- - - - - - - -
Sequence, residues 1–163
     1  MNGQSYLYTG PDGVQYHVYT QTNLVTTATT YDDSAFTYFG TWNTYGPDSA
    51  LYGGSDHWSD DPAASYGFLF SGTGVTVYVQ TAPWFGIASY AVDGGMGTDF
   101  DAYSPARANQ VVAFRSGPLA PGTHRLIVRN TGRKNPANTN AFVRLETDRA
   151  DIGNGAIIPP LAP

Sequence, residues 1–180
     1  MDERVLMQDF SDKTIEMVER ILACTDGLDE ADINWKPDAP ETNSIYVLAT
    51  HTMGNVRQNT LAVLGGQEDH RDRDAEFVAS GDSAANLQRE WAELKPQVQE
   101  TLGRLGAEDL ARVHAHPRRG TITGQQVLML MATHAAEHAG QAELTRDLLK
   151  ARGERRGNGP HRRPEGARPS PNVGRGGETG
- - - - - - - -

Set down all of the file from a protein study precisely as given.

Sequence, residues 1–163
     1  MNGQSYLYTG PDGVQYHVYT QTNLVTTATT YDDSAFTYFG TWNTYGPDSA
    51  LYGGSDHWSD DPAASYGFLF SGTGVTVYVQ TAPWFGIASY AVDGGMGTDF
   101  DAYSPARANQ VVAFRSGPLA PGTHRLIVRN TGRKNPANTN AFVRLETDRA
   151  DIGNGAIIPP LAP

Sequence, residues 1–180
     1  MDERVLMQDF SDKTIEMVER ILACTDGLDE ADINWKPDAP ETNSIYVLAT
    51  HTMGNVRQNT LAVLGGQEDH RDRDAEFVAS GDSAANLQRE WAELKPQVQE
   101  TLGRLGAEDL ARVHAHPRRG TITGQQVLML MATHAAEHAG QAELTRDLLK
   151  ARGERRGNGP HRRPEGARPS PNVGRGGETG